one incorporating sugar cubes. 20 years and 45 pounds later, I'm still baking and loving every miinute of it. I do have my favorites (Italian loaf with semolina) but still experiment with almost every "bread" recipe that I see. I do a lot of "sweet" baking also and should have free shipping from King Arthur by now. Thankfully their flour is available even here, in back of beyond, so just have to order speciality items from them for delivery. Wish everyone could have had this sort of wonderful introduction to baking. Such beautiful rewards.

                      4 Replies
                      1. re: amazinc

                        That is an accomplishment, I have that book and have baked from it (the Milwaulkee rye is a favorite) but that is one heck of a lot of recipes for bread!

                        1. re: amazinc

                          How long did it take you? (Just curious.) :). You must have eaten some fantastic bread during that time!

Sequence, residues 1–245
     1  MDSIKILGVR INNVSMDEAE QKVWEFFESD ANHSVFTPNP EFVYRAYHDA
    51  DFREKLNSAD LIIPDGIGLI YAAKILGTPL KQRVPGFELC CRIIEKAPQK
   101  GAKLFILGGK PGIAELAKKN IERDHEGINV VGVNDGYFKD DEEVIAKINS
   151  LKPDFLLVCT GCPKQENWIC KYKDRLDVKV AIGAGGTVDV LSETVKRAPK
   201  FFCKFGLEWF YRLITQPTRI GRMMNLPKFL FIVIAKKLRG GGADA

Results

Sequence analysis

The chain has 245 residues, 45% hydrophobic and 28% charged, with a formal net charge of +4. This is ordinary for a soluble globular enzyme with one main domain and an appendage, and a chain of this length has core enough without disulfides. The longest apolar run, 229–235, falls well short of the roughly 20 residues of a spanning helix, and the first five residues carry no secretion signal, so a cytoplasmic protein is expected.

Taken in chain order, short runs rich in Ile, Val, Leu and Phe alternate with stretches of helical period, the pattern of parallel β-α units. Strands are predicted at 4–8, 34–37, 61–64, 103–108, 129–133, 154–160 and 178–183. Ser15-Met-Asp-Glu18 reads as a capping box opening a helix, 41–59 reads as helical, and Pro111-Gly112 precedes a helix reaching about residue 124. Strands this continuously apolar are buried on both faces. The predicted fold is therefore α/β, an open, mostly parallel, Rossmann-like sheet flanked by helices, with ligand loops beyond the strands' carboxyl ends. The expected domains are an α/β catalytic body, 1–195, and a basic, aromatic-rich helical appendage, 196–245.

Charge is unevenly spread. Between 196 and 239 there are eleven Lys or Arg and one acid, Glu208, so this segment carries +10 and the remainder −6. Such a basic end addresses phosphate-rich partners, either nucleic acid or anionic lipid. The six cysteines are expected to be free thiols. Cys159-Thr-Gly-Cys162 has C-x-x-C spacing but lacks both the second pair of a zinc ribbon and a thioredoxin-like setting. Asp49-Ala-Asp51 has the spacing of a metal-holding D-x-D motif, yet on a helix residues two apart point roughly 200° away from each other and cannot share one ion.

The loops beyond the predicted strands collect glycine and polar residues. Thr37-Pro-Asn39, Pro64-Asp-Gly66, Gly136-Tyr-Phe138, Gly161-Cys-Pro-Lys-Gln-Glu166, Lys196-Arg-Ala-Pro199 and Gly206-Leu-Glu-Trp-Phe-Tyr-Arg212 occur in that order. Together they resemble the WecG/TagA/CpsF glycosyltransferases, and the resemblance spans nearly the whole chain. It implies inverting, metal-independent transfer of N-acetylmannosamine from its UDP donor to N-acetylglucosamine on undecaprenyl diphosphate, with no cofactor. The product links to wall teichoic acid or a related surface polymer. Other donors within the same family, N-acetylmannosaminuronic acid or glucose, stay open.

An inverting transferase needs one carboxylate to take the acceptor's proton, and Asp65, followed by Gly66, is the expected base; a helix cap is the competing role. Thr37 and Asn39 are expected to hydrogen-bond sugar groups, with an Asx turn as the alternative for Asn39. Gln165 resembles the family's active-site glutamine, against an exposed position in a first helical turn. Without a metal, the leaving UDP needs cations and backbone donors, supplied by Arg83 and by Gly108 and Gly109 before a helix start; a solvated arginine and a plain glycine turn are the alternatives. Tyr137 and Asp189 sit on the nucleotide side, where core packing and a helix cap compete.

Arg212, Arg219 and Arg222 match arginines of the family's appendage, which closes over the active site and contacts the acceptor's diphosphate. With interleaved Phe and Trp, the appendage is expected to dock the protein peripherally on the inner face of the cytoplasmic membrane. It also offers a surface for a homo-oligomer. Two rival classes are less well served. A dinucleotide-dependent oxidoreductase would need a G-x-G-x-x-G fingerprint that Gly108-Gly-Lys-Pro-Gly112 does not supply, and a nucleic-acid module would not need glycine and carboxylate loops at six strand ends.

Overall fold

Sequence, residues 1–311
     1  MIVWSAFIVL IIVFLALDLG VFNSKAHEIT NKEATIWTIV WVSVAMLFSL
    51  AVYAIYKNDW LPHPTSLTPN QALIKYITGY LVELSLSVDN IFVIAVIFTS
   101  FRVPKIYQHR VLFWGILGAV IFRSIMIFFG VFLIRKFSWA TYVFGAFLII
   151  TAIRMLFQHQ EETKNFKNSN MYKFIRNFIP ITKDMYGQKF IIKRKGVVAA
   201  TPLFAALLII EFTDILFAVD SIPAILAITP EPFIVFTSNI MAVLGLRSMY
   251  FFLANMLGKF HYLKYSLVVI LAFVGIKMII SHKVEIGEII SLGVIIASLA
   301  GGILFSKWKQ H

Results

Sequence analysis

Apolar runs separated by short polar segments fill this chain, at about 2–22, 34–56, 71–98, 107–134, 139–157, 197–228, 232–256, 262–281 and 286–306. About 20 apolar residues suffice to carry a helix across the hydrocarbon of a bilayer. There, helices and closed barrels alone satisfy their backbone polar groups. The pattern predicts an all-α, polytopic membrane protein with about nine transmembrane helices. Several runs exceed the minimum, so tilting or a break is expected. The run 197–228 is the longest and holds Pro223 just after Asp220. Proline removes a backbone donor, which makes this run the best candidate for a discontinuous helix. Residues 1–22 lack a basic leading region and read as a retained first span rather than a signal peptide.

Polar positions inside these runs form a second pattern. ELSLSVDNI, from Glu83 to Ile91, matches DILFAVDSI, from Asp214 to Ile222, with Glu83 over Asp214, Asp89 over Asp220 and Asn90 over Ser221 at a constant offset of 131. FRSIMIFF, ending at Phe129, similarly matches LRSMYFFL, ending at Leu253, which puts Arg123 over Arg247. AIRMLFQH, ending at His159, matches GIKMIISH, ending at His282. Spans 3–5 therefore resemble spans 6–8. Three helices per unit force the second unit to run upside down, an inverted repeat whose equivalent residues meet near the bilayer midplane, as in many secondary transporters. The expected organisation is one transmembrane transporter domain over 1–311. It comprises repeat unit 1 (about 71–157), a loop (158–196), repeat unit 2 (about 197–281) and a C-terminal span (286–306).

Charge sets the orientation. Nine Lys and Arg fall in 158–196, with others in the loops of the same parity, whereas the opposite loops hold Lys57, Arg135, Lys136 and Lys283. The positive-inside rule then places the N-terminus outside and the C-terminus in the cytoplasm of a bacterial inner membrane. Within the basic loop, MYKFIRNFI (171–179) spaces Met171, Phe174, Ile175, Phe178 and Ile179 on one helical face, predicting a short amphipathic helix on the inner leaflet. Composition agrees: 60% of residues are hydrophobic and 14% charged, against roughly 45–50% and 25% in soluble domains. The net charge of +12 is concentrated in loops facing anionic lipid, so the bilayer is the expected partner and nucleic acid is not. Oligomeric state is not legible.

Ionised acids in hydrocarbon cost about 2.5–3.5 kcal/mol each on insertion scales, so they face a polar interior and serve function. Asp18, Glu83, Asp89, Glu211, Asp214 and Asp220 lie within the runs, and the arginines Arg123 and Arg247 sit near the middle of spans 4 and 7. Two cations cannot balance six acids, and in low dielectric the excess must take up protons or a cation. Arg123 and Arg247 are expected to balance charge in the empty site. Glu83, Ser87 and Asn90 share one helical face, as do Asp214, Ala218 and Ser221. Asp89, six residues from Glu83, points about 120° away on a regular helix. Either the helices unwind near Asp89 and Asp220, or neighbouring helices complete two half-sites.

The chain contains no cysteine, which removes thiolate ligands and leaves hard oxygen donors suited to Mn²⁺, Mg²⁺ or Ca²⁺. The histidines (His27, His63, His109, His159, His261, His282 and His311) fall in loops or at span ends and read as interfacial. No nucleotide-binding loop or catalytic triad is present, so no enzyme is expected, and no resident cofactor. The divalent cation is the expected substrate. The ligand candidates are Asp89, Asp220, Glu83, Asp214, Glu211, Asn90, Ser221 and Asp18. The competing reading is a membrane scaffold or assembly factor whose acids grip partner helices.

~TDQ

                          1. re: amazinc

                            Buttertart & TDQ, Did eat a lot of fantastic bread (hence the 45 pounds) and it took me
                            just a little over a year. I baked often and shared with my neighbor. She gained weight
                            also!

                            1. re: amazinc

                              Next time, share with more neighbors! (I have thought that every new baking book I buy brings a few pounds with it too.)

                          2. It's interesting to me as a concept, but even when doing cookbook of the month here on chowhound, I get bored with the book, whatever it is, even when I love it, after a few weeks. By the time the book's reign is over, I am definitely ready for the next book.